The United States is suspending all routine visa services as of Wednesday in most countries worldwide due to the coronavirus outbreak, a spokeswoman for the State Department said, an unprecedented move that will potentially affect hundreds of thousands of people.
The department did not say which or how many countries are halting services, but US missions in more than half a dozen countries including South Korea, South Africa, Germany and Spain on their websites announced that they were either stopping or significantly reducing services.
“Embassies and consulates in these countries will cancel all routine immigrant and non-immigrant visa appointments as of March 18, 2020,” the spokeswoman said. The State Department spokeswoman said US missions abroad will continue to provide emergency visa services “as resources allow”, and that the services to US citizens will remain available.
“These embassies will resume routine visa services as soon as possible but are unable to provide a specific date at this time,” she said. There were no mentions of exceptions for any visa types.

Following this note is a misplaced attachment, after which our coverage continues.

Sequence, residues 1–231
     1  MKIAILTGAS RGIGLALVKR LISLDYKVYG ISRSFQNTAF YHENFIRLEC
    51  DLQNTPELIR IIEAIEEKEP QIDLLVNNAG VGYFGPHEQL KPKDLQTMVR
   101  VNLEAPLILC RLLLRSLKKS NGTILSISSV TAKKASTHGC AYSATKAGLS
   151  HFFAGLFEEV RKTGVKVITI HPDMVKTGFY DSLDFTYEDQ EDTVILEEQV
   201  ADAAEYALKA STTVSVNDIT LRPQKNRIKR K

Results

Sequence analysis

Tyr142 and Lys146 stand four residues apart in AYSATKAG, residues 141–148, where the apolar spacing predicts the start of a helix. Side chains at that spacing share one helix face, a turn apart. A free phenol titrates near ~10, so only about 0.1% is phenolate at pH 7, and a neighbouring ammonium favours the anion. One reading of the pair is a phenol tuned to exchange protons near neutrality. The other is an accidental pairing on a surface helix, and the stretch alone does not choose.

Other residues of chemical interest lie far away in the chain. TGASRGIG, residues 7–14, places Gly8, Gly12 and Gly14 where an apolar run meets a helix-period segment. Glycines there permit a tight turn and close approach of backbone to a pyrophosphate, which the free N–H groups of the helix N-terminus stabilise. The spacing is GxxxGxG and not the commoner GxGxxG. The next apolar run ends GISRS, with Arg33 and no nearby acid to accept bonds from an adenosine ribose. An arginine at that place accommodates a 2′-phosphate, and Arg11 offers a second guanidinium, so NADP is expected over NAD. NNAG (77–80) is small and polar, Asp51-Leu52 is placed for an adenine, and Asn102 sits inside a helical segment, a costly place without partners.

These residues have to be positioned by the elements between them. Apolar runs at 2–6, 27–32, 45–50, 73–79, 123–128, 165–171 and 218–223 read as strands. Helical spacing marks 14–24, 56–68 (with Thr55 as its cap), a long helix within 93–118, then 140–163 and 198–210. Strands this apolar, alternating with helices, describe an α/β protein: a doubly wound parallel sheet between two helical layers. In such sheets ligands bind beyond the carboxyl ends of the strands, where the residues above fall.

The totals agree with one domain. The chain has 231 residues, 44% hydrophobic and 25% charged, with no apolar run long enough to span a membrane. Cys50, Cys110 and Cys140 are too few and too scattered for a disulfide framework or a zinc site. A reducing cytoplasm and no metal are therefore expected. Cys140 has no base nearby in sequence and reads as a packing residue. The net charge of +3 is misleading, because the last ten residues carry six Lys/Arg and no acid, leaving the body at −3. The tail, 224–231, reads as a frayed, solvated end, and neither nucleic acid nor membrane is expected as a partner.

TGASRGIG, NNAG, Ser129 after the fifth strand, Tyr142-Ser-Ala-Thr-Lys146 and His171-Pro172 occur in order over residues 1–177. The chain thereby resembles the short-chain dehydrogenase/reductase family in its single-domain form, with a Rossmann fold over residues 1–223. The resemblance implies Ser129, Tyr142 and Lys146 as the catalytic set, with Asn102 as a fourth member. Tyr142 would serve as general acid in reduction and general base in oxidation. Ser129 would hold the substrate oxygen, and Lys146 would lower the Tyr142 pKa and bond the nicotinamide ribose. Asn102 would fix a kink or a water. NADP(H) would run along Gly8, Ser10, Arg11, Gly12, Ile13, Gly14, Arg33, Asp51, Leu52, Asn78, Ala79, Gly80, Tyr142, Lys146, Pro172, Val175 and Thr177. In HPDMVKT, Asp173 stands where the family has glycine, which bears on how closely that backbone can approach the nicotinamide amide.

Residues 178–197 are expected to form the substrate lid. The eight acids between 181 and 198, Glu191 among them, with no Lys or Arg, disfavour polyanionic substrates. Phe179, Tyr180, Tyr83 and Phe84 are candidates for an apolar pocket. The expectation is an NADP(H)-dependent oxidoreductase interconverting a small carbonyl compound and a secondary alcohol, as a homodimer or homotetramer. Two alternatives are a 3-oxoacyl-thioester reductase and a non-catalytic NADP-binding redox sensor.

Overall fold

In 2019, the United States issued a total of more than 9.2 million immigrant and non-immigrant visas at its more than 160 foreign missions across the globe.
Overnight, the US embassy in South Korea in a statement said the suspension would affect both immigrant and non-immigrant visa services at embassies in countries with a US State Department travel advisory level of 2, 3, or 4.
As of Wednesday that includes around 100 countries for which warnings have been issued, according to the US State Department website. Reasons for those warnings range from outbreaks of the new coronavirus to war to crime.
The spokeswoman said the move would not affect the Visa Waiver Programme (VWP), which enables most citizens of participating countries to travel to the United States for tourism or business for stays of 90 days or less without obtaining a visa.
The US restrictions could have ripple effects on multiple industries.
In Mexico, for example, the visa suspension could mean a sharp drop in the number of seasonal guest workers issued US visas, something that could hurt the food supply at a time when consumers are stockpiling food to isolate themselves to slow the spread of the virus.
Sometimes the most clever thing to say is nothing at all.